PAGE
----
US exports were about 17 per cent lower in the first six months of 2020 compared to the same period in 2019, while UK exports in the 12 months to July were down 6.5 per cent on the prior corresponding period.
Japan’s exports reportedly fell 15.4 per cent in the first half of 2020, compared to the same period in 2019.
The drop was the largest in more than 10 years.
So it’s clear WA has bucked the trend.
But the shock of COVID-19 also shows that the shadow of possible risks always looms.
AMEC’s Mr Pearce said a strong infrastructure pipeline around the world, driven by government stimulus packages, was promising for the mining industry.
In addition, junior miners had raised substantial funds for exploration in recent months, which he said would bring long-term benefit.
The state budget estimated an iron ore price of $US92.90/t for the year to June 2020, compared to more than $US120/t at the time of writing.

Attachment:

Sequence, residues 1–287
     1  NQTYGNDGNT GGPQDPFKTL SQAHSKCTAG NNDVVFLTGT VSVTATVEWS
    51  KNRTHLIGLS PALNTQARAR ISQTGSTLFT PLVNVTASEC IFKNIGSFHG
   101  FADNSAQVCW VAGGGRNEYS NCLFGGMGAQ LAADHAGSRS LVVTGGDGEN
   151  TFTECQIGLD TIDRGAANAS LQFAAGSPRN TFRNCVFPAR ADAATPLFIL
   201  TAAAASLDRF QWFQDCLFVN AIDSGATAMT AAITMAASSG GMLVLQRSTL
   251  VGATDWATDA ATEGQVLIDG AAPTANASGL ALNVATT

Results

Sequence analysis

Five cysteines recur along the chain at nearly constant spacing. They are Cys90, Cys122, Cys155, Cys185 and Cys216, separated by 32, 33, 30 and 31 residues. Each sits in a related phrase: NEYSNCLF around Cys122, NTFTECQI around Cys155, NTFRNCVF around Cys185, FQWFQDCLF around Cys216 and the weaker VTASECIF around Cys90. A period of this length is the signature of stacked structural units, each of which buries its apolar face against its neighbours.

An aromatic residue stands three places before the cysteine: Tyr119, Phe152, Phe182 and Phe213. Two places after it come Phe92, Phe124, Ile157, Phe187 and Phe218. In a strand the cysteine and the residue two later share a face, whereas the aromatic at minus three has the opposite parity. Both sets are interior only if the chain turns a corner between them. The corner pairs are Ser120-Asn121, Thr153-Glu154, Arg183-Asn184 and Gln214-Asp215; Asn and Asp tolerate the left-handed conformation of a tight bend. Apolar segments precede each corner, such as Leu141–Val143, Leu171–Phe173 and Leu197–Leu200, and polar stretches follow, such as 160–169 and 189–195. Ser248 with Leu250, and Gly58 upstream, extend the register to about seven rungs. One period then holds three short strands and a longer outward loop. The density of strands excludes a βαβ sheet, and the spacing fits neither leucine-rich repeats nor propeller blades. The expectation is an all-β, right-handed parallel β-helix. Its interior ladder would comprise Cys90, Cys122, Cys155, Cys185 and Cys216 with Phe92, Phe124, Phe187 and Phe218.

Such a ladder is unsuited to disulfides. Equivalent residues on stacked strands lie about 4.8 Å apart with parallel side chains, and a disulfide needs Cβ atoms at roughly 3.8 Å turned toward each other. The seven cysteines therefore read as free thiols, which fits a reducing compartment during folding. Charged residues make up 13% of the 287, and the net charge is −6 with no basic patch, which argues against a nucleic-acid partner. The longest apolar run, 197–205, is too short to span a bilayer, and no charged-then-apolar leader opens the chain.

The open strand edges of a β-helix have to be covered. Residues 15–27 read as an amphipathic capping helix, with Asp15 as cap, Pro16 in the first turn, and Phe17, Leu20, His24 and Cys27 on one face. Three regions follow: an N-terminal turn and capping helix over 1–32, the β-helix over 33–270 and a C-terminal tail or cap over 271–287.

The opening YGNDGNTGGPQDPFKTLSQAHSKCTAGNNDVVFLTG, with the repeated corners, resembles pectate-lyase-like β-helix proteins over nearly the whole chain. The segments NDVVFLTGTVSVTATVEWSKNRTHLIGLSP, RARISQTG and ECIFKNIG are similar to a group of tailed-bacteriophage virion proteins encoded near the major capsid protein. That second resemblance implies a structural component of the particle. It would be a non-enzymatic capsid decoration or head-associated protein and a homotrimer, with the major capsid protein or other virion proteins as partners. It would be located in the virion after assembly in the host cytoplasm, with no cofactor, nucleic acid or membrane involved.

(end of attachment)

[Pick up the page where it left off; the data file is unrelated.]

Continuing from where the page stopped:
Rio Tinto reported an average realised price for iron ore of $US85.40/wet metric tonne in the first half of 2020, an 8 per cent increase on the company’s price for calendar 2019.
That highlights some of the potential upside for exporters, with a possible $200 billion annualised rate no longer a distant possibility.
Three of the biggest miners on the list plan to sell an additional 70 million tonnes of iron ore per annum over the longer term, an increase of about 8 per cent in iron ore sales.
Production at BHP’s WA iron ore operations was 281mt, which was worth about $38 billion.
In May, the company applied to lift its licence for capacity at Port Hedland from 290mtpa to 330mtpa.
That’s an increase of about 13 per cent.
Fortescue Metals Group has its own expansion plans, approved by the Environmental Protection Authority in September.
FMG will increase port capacity from 175mtpa to 210mtpa.
While a portion of that will be growth in supply of hematite ore, the main growth source will be magnetite ore, which will be mined at the Iron Bridge project and processed into a concentrate.
Magnetite sells for a higher price than hematite ore, because the concentrate has a higher iron content, often earning a premium of 20 or 30 per cent.
However, costs of production are usually higher.
The third big iron ore miner planning an expansion is Roy Hill Holdings, controlled by Hancock Prospecting, which has obtained approval to lift shipments from 55mtpa to 60mtpa, it is now aiming for 70mtpa.